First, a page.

Shelter Dogs 

An adventure with an orange-dot pit bull at the Berkeley Animal Shelter.

I could find many reasons not to go there. I could use my lunch hour to go for a run. Maybe I should just stay at my desk and work through lunch.

It's a depressing place. I should go home and play with my own pets. Still I go. I head down University Avenue in Berkeley, turn left on Sixth Street, and right at the green sign that reads "Berkeley Animal Shelter."

As I near the shelter on Second Street, I see volunteers walking dogs along the sidewalks. They have a distinct look about them. Perhaps it's just that they are not in a hurry. They're walking slowly without an agenda, or waiting, pausing while a dog sniffs the breeze or sits contentedly in the sunshine.

I park my truck opposite the shelter. I am not an organized person — I open the glove compartment and search for my volunteer tag. I riffle through my work bag. I look under the car seat where it has fallen. I take off my work badge and clip this one onto my belt. I lock the car door and head inside. I only have an hour.

To the left of the entrance door to the shelter are a row of metal lockers. They're the night shelter deposit boxes for stray and abandoned animals. The shelter workers empty them from the opposite side in the morning. They find, dogs, cats, rabbits, even chickens inside. Lately with the downturn in the economy, more animals are dropped off after hours to wait alone until the shelter reopens.

The entrance door to the shelter has a window. Volunteers are taught in training to look through the window first before opening it to see if there's another dog heading out. I find myself checking even though I don't have a dog with me. I sign in, pet the shelter's house cat that is curled up in a basket at the front desk and take a key from the dish. With this key I can unlock any cage. I could set them all free. But that's not what they need.

After two months walking dogs, I have my favorites. I like the pit bulls with their sad eyes and stocky bodies. There's Regina with the "happy tail" — a misnomer if there ever was one. The shelter dogs get so excited to be chosen to go for a walk that they wag their tails frantically, hitting the cement cage walls. The tips of their tails become raw and frayed and their coats become splattered with blood.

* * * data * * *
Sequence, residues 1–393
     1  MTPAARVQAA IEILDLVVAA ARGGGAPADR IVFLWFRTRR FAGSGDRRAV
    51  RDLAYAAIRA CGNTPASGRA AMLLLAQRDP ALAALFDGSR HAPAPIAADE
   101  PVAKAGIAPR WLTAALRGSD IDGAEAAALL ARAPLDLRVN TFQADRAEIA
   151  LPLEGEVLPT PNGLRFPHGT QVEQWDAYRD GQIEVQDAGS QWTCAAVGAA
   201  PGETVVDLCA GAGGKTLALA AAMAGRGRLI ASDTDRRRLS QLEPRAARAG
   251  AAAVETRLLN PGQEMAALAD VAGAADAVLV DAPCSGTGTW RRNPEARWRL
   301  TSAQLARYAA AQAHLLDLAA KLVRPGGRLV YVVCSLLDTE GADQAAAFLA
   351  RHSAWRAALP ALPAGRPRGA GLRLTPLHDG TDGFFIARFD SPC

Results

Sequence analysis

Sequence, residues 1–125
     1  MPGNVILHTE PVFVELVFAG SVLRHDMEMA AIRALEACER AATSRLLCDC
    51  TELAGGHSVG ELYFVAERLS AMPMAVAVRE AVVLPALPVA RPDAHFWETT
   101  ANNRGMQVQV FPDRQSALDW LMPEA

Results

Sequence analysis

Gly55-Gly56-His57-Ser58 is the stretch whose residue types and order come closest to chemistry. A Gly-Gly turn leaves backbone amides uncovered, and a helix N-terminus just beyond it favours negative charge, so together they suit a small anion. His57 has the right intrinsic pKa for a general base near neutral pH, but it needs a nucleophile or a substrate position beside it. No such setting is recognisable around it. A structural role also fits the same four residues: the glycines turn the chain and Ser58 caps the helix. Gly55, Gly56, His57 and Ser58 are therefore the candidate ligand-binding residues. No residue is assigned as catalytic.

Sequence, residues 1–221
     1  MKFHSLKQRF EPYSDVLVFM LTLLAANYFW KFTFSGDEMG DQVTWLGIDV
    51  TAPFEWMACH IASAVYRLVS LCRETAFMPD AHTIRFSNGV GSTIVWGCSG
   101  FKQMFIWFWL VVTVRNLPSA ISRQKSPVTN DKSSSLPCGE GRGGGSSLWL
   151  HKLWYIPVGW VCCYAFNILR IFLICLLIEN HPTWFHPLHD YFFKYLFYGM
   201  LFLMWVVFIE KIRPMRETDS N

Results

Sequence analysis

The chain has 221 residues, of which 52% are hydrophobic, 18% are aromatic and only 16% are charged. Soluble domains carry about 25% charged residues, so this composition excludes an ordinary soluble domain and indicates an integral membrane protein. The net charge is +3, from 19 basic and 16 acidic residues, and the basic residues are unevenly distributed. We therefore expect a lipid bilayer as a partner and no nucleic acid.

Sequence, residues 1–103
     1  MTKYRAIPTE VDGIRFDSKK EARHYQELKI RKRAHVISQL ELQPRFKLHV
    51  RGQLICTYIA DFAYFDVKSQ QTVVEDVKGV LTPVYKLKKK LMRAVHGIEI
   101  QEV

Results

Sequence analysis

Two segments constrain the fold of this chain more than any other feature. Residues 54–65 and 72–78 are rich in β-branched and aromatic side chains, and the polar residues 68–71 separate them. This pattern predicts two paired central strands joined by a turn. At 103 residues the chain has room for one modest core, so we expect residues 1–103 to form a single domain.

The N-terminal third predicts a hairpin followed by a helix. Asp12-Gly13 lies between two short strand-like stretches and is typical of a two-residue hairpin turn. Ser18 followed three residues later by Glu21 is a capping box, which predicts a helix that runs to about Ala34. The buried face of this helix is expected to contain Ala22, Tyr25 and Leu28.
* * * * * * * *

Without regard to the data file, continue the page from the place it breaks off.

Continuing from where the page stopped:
Regina is not new to the shelter, though she's doing well. She's not depressed or showing any signs of kennel rage. When I take her for a walk she doesn't pull, doesn't lunge for other dogs; she's content to sniff and smell the fresh air. I like Blue, too. He's been at the shelter longer than Regina, but like Regina he's adapted well. When I open his cage he's easy to collar. He's patient as I try to snap a prong collar around his thick neck.

And then there are the twins, Prudence and Penelope. They've grown up in the shelter and share a cage. They're happy and playful, and I think surely someone will take them. But as I walk through the kennel, I see their twin faces pushing and nuzzling at the cage to get my attention.

I've had a bad day at work and I hope the shelter will help keep me grounded, help me see what's really important. I open the door that leads to the rows of cages. I recognize Tom, a regular volunteer who seems to be there every day, wearing his floppy REI hat. He's leaning back against the weight of a large, gray pit bull as they head out to the Berkeley Marina. I ask him if Blue or Regina have been out. These two are both housebroken. They will wait to be walked before they pee or poop. The shelter staff and volunteers make sure they get out first thing in the morning and late in the evening right before the shelter closes.

Unfortunately, this day both Regina and Blue, my regulars, have already been walked. As I walk through the shelter, I see the faces turn toward me. I see them trot from the back of their cages to the front hoping I stop and unlock their cages. Volunteers badges are color-coded; new volunteers are given green dots. With a green dot you can walk small dogs — Chihuahuas, terriers, poodles — as long as they're not so freaked out and so fearful that they might bite. But I need to read the volunteer notes clipped to the outside of the cages to see which ones have already had a walk, which ones are difficult to collar, which ones are dog-reactive. But to get close enough to read the notes gives the dogs hope that they're going be taken out. So I glance out of the corner of my eye and try not to make eye contact.

I feel for them all, but I especially like the pit bulls, with their big square faces and expressive soulful eyes. Dan, another volunteer, says he'll help me collar a black and white pit bull at the far end of the shelter that needs to go out. His name is Jupiter. He's an orange-dot dog, which means he's easygoing, with no aggression, but still a little more difficult to handle. I've never walked him.

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